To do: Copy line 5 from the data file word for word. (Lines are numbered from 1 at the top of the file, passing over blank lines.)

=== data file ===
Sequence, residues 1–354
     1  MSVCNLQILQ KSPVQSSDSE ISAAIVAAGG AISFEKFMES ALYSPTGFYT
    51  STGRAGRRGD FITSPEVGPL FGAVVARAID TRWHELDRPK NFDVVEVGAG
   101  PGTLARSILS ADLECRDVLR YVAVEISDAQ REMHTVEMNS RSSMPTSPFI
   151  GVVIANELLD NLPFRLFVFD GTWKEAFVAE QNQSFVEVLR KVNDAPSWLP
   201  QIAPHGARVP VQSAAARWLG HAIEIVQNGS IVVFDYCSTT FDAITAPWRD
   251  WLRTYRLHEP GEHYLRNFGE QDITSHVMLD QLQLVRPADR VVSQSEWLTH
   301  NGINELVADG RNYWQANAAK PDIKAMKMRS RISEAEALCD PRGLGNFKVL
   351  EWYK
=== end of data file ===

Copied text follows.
   151  GVVIANELLD NLPFRLFVFD GTWKEAFVAE QNQSFVEVLR KVNDAPSWLP